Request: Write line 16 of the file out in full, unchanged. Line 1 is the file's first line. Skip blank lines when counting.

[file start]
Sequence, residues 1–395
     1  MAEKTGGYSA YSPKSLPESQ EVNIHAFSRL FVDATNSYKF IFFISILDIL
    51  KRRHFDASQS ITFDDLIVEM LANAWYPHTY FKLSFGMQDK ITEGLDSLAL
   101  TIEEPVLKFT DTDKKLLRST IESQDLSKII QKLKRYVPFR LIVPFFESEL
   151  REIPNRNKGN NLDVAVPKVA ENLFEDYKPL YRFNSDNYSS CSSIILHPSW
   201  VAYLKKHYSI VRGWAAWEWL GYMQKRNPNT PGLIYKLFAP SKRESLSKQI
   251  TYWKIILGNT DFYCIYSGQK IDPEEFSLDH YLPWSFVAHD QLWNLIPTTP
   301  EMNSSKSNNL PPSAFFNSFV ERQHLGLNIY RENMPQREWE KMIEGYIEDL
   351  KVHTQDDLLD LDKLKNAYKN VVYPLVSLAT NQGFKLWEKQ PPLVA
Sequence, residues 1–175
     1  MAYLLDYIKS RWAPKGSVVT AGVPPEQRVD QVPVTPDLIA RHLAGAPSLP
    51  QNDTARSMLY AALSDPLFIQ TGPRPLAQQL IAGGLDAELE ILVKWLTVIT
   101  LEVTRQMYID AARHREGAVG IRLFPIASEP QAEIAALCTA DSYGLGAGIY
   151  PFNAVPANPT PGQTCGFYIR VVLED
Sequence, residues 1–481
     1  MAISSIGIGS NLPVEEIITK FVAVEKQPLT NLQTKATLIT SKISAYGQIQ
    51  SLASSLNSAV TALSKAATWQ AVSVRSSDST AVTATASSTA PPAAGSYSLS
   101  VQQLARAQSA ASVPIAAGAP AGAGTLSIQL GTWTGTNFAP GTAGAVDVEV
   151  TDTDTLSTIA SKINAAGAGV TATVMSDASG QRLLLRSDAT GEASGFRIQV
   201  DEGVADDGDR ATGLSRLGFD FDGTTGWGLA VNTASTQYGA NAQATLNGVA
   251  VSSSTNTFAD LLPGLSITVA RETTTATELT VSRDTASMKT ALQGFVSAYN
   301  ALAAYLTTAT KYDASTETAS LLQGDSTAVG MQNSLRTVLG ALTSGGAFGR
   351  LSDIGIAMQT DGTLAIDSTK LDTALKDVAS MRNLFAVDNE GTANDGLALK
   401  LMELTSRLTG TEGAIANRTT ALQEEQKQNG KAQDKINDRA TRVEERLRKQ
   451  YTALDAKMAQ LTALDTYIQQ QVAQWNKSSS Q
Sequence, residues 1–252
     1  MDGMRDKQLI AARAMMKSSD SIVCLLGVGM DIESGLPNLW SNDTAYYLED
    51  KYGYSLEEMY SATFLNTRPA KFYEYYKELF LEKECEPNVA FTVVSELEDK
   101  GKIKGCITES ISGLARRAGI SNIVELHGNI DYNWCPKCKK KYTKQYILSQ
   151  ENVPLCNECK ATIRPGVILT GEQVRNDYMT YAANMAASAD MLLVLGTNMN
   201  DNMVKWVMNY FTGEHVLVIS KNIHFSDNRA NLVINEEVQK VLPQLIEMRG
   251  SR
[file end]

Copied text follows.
     1  MAISSIGIGS NLPVEEIITK FVAVEKQPLT NLQTKATLIT SKISAYGQIQ